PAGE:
“Has not the Scripture said that the Christ comes from the offspring of David, and comes from Bethlehem, the village where David was?”

John 7:42

The Messiah to the Gentiles Too

But this isn’t the only place in the New Testament where this comes up. We also see it as part of the Christmas story. From somewhere in Persia (way, way east of Israel), some guys were studying the stars who noticed something so remarkable in the sky that they had to go check it out. Apparently, they had studied the Old Testament (specifically Numbers 24) and were looking for a star to rise that would announce to the world the promised ruler of the Jews.

How crazy is this?

God sent a sign, visible to the whole world, and the only ones who picked up on it were this group of wise men. Anyway, they see this sign and go to check it out. But, where do they go? Bethlehem? Nope, they go to Jerusalem, the capital city, where the king is supposed to be. Yet when they arrive, there’s no new baby that fits the timeline, so Herod gets all his wise men together, and they tell him that it has to be Bethlehem, and they quote this passage.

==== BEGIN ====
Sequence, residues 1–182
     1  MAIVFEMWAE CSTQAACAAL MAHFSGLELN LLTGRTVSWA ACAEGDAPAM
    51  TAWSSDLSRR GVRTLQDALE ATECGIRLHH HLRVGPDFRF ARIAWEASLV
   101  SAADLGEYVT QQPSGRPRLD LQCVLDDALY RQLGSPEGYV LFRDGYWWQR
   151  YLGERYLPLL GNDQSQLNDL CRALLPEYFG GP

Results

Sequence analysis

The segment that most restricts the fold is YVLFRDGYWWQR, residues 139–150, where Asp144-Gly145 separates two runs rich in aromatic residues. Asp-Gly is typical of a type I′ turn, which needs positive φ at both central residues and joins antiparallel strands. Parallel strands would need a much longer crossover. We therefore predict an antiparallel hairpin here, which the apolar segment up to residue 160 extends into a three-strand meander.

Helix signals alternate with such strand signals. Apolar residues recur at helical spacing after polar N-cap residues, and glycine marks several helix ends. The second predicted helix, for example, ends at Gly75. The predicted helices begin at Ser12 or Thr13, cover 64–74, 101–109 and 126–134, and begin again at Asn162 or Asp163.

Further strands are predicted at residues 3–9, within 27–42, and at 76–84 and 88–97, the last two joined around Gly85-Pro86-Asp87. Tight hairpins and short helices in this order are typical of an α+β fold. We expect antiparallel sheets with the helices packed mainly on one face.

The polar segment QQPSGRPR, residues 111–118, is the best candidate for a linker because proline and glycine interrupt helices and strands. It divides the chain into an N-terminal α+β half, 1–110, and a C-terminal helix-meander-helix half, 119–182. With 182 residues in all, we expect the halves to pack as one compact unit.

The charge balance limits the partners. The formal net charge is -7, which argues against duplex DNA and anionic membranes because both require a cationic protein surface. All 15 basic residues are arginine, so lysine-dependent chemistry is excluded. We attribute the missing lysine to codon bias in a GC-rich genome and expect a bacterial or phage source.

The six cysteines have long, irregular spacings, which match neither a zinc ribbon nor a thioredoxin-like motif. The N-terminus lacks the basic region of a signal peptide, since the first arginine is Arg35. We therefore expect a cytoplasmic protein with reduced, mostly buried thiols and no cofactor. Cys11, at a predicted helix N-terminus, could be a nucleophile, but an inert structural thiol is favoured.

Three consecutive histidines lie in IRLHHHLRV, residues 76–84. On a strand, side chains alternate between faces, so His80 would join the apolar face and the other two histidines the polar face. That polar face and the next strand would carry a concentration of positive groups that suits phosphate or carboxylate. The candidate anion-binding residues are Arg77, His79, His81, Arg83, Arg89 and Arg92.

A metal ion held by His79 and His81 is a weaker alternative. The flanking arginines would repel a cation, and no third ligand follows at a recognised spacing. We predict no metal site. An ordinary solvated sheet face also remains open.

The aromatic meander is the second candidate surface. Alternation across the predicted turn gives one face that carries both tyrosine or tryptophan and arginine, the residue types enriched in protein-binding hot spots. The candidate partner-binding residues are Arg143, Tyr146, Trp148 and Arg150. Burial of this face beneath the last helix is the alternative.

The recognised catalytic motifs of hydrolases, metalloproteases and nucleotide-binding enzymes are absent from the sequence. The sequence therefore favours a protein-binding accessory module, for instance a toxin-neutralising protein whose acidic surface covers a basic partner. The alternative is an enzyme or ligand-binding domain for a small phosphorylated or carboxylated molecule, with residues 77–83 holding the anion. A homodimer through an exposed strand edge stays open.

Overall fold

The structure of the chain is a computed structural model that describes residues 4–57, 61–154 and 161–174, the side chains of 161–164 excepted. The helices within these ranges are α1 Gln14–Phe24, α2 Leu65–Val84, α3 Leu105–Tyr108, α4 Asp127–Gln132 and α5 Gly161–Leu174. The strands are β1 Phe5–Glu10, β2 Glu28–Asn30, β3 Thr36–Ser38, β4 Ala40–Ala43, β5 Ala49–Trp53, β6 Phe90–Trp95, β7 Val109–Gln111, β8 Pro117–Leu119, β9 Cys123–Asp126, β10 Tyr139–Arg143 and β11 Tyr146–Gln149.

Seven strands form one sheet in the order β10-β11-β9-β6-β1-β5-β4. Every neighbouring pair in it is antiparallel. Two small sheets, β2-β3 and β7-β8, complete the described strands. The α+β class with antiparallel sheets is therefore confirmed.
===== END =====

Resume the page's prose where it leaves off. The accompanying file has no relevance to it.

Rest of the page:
The best and worst parts of this story are the reactions of Herod and the wise men. The wise men, who are Gentiles, recognize what God is doing here. They have studied the Jewish Scriptures and believe that Jesus is God incarnate. They traveled for months to find this child so that they could worship Him. This isn’t just some kind of academic interest. When they finally find Jesus, they fall on their faces in worship.